Bible-Carrying Christians: Conservative Protestants and Social Power
Bible-Carrying Christians: Conservative Protestants and Social Power
By David Harrington Watt
Oxford University Press 2002, $29.95
Though a life-long Roman Catholic and an ardent feminist, in the mid-1980s I began theological studies at a low-church Protestant seminary in midtown Manhattan. (1) Some of the students at this seminary practiced a more biblically literalist brand of Christianity than my own and held convictions about sexuality and gender that I found troubling. Many of them were also passionately committed to racial and economic justice. Since then I have been wary of generalizations about “evangelicals” and “conservative” Christians.
David Harrington Watt also struggles with contradictions regarding the millions of Christians in hundreds of thousands of congregations across the U.S. who might be characterized as conservative and evangelical Protestants. A scholar of American religion with degrees from Berkeley and Harvard, Watt is well aware of the predominant scholarly discourse about such groups: that they celebrate male dominion and (male) pastoral authority, that they constrict female agency and condemn premarital and homosexual sex, and that they believe God favors corporations and the state. But Watt also grew up Southern Baptist in the 1960s-though he has not been one for many years-and finds aspects of this narrative unsatisfactory. For one, it stresses questions of power to the exclusion of those concerning beauty and truth. For another, it is self-consciously partisan, playing up tensions between those Watt calls “Bible Carrying Christians” (BCC) and feminist, Marxist, and gay liberation to the exclusion of other issues. But a scholarly counter-narrative, one that interrogates hegemonic aspects of this discourse, is growing. Watt’s book, Bible-Carrying Christians: Conservative Protestants and Social Power contributes, in some respects, to this counter-narrative.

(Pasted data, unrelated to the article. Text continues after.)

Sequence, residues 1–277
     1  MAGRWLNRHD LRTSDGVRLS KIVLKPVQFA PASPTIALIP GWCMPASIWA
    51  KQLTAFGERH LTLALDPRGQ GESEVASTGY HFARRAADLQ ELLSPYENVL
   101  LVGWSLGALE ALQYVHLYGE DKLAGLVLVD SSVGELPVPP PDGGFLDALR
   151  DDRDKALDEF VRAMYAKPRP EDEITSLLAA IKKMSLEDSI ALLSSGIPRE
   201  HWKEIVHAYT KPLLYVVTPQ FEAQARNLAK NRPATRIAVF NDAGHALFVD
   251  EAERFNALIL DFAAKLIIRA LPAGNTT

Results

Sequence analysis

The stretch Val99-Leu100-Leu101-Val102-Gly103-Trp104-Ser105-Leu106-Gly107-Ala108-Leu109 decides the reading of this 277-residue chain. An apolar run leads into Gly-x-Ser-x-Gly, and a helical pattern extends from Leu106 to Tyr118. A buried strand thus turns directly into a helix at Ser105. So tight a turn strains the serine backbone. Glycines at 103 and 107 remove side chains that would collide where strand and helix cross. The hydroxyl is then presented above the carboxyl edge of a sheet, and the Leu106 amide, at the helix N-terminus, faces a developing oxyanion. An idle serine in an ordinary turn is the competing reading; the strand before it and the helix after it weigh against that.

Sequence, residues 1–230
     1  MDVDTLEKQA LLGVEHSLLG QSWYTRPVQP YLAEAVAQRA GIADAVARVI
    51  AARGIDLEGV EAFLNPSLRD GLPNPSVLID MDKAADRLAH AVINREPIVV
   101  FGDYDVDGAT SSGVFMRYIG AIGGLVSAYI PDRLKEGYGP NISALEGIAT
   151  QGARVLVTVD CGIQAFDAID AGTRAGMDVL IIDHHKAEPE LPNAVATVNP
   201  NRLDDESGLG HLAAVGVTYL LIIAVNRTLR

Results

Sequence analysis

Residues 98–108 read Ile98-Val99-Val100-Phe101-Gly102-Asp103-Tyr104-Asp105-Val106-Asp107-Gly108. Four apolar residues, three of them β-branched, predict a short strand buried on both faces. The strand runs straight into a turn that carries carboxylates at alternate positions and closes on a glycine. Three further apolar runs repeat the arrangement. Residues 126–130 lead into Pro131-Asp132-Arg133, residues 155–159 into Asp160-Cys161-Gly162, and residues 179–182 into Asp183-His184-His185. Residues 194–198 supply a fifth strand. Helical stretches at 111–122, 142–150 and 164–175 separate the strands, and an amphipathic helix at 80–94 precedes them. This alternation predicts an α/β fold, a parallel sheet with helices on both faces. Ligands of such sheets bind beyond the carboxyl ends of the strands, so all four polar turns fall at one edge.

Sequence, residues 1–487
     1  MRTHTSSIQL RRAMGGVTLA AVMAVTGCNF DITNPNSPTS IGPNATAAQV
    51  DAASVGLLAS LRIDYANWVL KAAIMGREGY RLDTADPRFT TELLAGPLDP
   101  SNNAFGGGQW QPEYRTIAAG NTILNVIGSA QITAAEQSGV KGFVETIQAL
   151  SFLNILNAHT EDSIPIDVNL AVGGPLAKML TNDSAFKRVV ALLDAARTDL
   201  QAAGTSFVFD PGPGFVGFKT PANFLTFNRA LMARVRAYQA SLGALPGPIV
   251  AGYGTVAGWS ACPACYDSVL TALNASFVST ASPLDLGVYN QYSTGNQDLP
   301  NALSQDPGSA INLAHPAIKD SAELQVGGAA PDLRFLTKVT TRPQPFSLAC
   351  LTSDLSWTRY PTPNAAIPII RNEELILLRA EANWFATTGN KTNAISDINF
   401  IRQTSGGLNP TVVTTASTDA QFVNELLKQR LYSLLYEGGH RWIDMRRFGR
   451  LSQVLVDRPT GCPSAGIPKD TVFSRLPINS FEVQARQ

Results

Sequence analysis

It is not easy to counter a prevailing discourse, however. Though Watt finds the liberal critique of conservative evangelical Protestantism too exclusively focused on power, he himself has a longstanding interest in religion and social power, especially in relation to states and markets. (2) He is particularly concerned with the way that “the sort of power relations that seem natural” would shift if the many congregations of Bible-carrying Christians in the contemporary U.S. were replaced, for example, by pagan or Buddhist or liberal Episcopal congregations. To pursue this concern, Watt and three assistants conducted interviews in three different BCC congregations in the city of Philadelphia between 1991 and 1994.